Take a pot shot: Have a go at growing from seed and give yourself a flying start for the Olympics
Sunday 12 February 2012
In a deluge of paper and plastic, the spring catalogues arrive. With loud boasting, too: 40 kinds of tomato, posh ranges of six French salad potatoes, more vegetables than anyone else. This is gardening, 2012 style, its face all freshly scrubbed and ready to go.
There are plenty of ways to acquire plants in this world, as those of us who glumly studied our 2011 bank statements while preparing tax returns can attest. But growing plants from seed has a special kind of magic to it – and requires a bit of expertise.
Not at the start, mind. It doesn't require skill, most of the time, to get seeds to germinate. You usually just plonk them into moist soil and they do it themselves. It's the next bit that's complicated: getting those perfect little two-leaved seedlings to be proper plants, without them getting chewed, eaten, unwatered, mouldy or just tipped over by small children or dogs.
Seedlings don't always need absolutely direct sunlight, so a safe west-facing window sill in your spare room may be loads better than a south-facing one with lots of passing (child and dog) traffic. Porches are good – they feel cold, and the seedlings will grow slowly, but in the end this gives them a better chance of surviving in the great outdoors.
There are a few other techniques to help. Begin not with seed trays but with individual pots, putting just one or two seeds in each, so seedlings can grow to quite a size before being moved. If you don't mind a slightly hippie protest-camp vibe you can make your own pots with old newspaper and a Paper Potter – these are rather beautiful objects made of oak round which you shape into a little pot, (£9.95 from harrodhorticultural.com).
You can also sow some seeds straight into the ground. Nasturtiums, Love-in-a-Mist, sunflowers and poppies are all beauties which germinate well even with rough handling, though you may wait longer than a greenhouse owner. Nasturtiums in particular are excellent – practically foolproof, I want to say, but that could be overstating it: distinctive lily-pad leaves and bright edible flowers that can lift a summer salad to almost uneatable prettiness. Thompson & Morgan has more than 30 kinds of nasturtium on offer, and I'm going to recommend brand-new "Cobra", a spectacular deep red (£1.99 for 30 seeds, thompson-morgan.com).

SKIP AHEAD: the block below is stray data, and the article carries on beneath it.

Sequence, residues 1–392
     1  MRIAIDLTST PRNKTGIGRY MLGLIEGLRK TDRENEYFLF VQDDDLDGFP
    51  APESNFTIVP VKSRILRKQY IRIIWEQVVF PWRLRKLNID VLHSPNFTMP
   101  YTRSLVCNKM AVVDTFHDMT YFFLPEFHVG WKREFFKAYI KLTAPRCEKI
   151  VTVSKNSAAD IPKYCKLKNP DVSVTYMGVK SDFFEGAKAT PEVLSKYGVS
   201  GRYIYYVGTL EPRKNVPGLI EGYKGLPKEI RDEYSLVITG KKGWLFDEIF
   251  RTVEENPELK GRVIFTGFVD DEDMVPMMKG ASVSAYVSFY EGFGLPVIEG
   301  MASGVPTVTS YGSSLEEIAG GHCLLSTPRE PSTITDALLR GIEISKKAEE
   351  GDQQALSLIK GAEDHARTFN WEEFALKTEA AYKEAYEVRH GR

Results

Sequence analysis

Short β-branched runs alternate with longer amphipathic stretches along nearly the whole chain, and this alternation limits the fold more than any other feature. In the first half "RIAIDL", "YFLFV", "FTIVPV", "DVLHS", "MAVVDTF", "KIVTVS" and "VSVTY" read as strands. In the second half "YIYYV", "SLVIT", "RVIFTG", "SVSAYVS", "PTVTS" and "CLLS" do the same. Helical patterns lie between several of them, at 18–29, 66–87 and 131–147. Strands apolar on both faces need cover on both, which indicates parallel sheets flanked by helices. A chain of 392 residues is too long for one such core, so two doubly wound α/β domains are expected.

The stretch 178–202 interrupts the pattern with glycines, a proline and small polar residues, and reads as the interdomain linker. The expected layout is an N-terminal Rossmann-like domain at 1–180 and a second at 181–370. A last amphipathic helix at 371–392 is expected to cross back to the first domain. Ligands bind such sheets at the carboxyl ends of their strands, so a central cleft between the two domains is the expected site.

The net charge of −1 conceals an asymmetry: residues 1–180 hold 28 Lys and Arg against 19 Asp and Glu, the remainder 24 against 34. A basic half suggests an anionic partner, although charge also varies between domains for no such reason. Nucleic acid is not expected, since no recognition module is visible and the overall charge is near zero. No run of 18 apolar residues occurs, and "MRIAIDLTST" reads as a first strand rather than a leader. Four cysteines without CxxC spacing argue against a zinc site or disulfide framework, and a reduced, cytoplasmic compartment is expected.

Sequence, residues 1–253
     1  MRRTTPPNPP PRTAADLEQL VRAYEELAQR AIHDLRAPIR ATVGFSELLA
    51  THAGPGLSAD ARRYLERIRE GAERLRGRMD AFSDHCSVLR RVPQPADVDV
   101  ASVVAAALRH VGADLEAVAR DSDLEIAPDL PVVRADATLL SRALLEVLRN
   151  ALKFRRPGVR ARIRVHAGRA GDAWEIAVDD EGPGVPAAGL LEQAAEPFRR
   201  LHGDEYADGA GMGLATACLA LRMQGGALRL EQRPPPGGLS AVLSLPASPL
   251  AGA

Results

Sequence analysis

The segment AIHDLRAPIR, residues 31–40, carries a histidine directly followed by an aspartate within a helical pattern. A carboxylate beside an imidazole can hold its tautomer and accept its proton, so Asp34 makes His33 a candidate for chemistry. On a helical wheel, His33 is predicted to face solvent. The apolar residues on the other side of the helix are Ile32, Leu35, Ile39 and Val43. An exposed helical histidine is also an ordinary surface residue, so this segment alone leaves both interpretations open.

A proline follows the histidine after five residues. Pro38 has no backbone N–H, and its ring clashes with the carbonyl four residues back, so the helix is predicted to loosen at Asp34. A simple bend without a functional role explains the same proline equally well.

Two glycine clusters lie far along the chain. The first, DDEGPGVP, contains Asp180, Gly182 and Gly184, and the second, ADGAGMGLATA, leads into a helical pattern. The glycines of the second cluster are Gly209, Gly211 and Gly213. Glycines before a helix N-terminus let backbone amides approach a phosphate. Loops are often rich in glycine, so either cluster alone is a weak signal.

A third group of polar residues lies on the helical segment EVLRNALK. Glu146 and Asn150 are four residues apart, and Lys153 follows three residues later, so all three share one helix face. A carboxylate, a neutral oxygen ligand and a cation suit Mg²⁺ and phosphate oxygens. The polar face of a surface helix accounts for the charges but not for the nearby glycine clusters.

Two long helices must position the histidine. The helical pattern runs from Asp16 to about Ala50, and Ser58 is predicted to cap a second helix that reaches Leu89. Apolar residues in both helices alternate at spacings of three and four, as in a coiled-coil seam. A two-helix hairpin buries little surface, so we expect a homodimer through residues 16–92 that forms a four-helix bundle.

And that deep red brings me to the most important task of 2012: those red, white and blue window boxes. Last year when I planted some of these in time for the Royal Wedding, my horrified French neighbour croaked, "I thought you were a republican!". Well, there we go. I'm not crazy for the Olympics either, but it's any excuse round here for matching window boxes and bunting. I will, of course, be ignoring the official Orwellian window-box directive requesting a "vibrant colour palette" showing "London 2012 shapes and patterns". That weird fidgetty logo, in pink petunias? Ugh. Red, white and BLUE, and a whole extra Bank Holiday to enjoy them. Cheers!
As you'd expect from the doyenne of good taste, Sarah Raven's "Celebrate Britain" selection is a cut above: red poppies, blue cornflowers and white cosmos. £3.50, sarahraven.com
Too lazy to sow seed? Celebrate 2012 with plugs: little plants that come in the post ready to be planted into containers. Suttons is offering Cobalt Lobelia, Calibrachoa Red Devil and white Verbena for a storming hanging basket. 12 plants, £13.99, suttons.co.uk
Statesmanlike sweet peas
Grow red, white and blue Spencer Series sweet peas for patriotic granny bouquets or train over front-garden bamboo pyramids. 50 mixed plants, £17.90, mr-fothergills.co.uk
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